When I asked my 14-year-old brother what I should write this column about, he told me to “write about how much better the South is than the North.” I replied that I could not write in such rigid terms, that I would have to present a balanced and fair-minded assessment of the different strengths and weaknesses of the two regions. Then I realized that my predilection for disinterest was only the knee-jerk reaction of a soul too long saturated in the effeminizing, diplomacy-obsessed mores of Yankee-land.

I’m half-kidding. Nevertheless, in honor of Colonel Sanders, Davy Crockett and my brother, I will be forthright: The South is categorically better than the North.

The first reason is obvious. Southern English actually has a pronoun for the second person plural. Y’all probably use it from time to time, having grown tired of your vexing “yous” or your disyllabic “you guys” or (God save us) your vexing and disyllabic “yous guys.” A high school friend of mine, who wasn’t a native Southerner, used to say “y’all guys,” which was partly endearing and partly disgusting, but plain old “y’all” is about as good as it gets, dictionally speaking.

Southern weather is astonishingly superior to its boreal Northern counterpart. As I write, it is 44 degrees here in New Haven. On nights like these one can understand why Eliot called April the cruelest month. After six full months of temperatures in the 50s, 40s, 30s and colder, one would hope to be able to walk to class without a jacket. After more than a month of “spring,” one would expect to be able to walk to Gourmet Heaven for a late-night snack wearing shorts and a T-shirt. Two nights ago, as it happens, I made the walk in shorts and a T-shirt, but I did so shivering and cursing the frigid North.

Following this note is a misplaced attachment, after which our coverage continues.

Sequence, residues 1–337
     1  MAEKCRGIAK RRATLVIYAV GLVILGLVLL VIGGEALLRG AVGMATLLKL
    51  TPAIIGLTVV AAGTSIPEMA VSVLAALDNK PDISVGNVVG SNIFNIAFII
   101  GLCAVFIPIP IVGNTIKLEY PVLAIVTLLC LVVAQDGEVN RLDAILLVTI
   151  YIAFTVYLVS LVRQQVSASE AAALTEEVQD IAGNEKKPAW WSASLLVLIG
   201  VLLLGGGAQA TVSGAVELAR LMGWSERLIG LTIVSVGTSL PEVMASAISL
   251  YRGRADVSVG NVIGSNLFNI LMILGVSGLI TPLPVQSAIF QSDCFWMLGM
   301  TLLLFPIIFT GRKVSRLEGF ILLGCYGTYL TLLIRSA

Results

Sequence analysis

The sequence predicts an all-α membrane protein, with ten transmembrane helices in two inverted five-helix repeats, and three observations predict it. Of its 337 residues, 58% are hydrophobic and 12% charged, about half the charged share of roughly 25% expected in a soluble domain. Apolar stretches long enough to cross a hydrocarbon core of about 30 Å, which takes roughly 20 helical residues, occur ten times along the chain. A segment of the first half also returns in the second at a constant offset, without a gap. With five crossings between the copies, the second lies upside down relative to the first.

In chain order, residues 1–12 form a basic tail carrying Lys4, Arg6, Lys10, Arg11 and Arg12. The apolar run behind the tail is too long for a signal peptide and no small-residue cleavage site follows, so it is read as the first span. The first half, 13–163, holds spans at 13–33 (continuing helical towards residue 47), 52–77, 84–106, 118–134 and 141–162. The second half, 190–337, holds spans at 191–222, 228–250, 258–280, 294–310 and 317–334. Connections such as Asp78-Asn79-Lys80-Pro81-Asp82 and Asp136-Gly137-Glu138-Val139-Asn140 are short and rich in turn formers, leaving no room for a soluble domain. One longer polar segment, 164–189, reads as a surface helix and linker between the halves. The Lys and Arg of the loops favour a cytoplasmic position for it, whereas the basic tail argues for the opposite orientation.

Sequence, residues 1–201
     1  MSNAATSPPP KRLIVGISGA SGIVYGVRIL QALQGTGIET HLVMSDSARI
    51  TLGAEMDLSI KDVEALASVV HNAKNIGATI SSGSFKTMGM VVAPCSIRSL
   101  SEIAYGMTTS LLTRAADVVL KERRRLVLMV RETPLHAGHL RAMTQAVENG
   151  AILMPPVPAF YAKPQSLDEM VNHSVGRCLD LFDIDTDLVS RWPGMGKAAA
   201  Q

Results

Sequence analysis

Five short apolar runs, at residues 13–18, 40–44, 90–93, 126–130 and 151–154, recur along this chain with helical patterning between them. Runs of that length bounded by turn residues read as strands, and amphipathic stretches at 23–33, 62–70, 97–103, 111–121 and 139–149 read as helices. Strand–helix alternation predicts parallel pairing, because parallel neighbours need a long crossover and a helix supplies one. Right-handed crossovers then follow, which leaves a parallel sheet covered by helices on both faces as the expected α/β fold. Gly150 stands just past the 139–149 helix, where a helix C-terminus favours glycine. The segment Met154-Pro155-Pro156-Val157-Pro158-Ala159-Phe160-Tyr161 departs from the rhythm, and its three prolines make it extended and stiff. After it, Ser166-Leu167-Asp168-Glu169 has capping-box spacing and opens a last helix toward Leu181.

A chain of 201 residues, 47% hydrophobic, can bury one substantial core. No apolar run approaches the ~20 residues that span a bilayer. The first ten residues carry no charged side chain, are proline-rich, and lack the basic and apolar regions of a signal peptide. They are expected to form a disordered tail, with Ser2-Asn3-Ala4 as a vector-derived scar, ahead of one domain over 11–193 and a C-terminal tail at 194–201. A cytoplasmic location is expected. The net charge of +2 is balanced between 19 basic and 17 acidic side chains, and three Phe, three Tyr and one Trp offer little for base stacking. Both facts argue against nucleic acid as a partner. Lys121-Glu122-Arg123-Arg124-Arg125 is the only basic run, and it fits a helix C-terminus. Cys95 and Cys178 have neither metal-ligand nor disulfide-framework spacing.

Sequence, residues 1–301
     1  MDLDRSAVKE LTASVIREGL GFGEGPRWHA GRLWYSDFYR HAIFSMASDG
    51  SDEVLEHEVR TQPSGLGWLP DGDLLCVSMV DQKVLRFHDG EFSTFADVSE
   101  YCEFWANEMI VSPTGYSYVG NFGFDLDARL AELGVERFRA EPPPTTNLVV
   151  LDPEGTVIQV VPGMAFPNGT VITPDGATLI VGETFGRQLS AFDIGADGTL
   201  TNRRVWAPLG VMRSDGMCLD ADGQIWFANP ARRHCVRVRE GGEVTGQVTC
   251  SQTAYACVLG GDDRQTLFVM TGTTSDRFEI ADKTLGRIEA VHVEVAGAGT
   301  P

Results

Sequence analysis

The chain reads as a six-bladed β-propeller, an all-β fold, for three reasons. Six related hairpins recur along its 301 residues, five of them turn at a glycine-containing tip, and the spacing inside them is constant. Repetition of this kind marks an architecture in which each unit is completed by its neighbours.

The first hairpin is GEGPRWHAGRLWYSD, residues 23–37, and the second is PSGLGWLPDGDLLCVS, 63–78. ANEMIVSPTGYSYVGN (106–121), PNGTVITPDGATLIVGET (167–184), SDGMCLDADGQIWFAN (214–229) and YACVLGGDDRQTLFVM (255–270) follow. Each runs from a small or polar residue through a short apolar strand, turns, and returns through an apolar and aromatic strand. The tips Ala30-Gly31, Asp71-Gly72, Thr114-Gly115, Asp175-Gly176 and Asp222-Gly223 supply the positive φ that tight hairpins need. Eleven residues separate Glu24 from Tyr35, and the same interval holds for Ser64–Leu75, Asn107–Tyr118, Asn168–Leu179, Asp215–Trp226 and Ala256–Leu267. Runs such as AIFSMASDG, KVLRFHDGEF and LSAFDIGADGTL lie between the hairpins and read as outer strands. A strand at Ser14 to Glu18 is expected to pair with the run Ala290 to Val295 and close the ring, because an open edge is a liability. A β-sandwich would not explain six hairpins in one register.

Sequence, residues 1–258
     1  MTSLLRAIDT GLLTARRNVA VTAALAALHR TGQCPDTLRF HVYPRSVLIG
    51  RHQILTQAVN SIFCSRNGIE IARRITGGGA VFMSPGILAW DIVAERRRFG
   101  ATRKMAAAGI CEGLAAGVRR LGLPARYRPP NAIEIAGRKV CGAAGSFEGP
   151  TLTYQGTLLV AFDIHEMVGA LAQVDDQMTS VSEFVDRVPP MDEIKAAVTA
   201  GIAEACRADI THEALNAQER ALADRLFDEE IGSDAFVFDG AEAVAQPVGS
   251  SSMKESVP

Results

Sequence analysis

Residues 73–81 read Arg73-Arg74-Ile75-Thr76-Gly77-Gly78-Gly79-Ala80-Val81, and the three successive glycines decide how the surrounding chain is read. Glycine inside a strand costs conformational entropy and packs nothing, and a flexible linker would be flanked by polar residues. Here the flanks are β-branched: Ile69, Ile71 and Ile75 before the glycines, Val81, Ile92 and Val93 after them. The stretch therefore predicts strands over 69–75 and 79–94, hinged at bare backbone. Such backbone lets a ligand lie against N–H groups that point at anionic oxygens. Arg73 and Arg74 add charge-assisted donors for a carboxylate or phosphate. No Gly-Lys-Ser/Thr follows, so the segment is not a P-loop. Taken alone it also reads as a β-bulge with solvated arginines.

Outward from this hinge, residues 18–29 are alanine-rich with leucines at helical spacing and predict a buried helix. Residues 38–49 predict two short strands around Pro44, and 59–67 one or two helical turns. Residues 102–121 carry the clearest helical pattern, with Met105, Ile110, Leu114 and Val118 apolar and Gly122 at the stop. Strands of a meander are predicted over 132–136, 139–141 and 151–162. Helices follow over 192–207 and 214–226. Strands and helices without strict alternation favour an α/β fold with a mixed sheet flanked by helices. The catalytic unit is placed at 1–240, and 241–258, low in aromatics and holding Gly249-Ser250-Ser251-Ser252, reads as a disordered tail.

In the culinary arts we find another point for Dixie. The best meal Yale serves is its Southern fried chicken and mashed potatoes, and even this — as any Southerner will tell you — amounts to little more than a feeble imitation of the real McCoy: Momma’s cooking. Add to this the fact that many Northerners have never heard of Blue Bell ice cream, and you begin to see why the people here are less — how do I put this diplomatically? — renowned for their friendliness.

I suppose I should pause to qualify these judgments with a kind of disclaimer. I barely pass for a Southerner myself, having grown up in Orlando and spent my teenage years in a suburb of Dallas. I do not like country music, do not own cowboy boots, do not “reckon.” In high school I would not have labeled myself a Southerner. Things change.

It took an urban, Northeastern, cosmopolitan school like Yale to awaken my inner Southerner. It happened naturally enough. I simply looked around and thought about the things I missed. Southern food, warm weather, decent pronouns, yes — but what struck me most of all was something more difficult to describe. Something to do with the South’s aliveness, as it were — its passion. Its pulse.

Let us not confuse pulse with hurriedness. Southerners are notorious, of course, for their dilatory pace, their slow speech. What I’m getting at, rather, has something to do — at least, I imagine it does — with what is also one of the downsides of the South — namely, its higher rates of violence.

As detestable as violence may be, it is nonetheless a sign, a symptom, of the stirrings of passion within the human spirit, of a still unvanquished sense of pride or honor, of what William Faulkner called “the old verities and truths of the heart.” There is a vehement Southern spirit that fends off any tendency toward the soulless state of Nietzsche’s blinking Last Men.

Southerners do not necessarily have more energy. But their energy is in touch with something deeper than the concerns of everyday life, deeper than the discoveries of science, deeper even than the ideas of great literature and great art.

Flannery O’Connor, a Southern writer who was also a fierce critic of the South, described the region as “Christ-haunted.” She recognized that for all their faults, for all their past sins and current vices, Southerners continue to be pestered by a persistent sense of the holy — the sacred — and it is this that gives them an aliveness that is lacking in almost every other part of the Western world.

I do not presume to submit this as some sort of definitive apologia on behalf of the South. Such a task should be tackled by a truer Southerner than I. Much less do I intend any offense to my Northern friends. My hope is simply that as the world grows more homogenized, as Yale grows more cosmopolitan and regional distinctions melt slowly away, we Southerners will remember where we come from.

Away, away, away down south in Dixie.

Bryce Taylor is a sophomore in Silliman College. Contact him at bryce.taylor@yale.edu .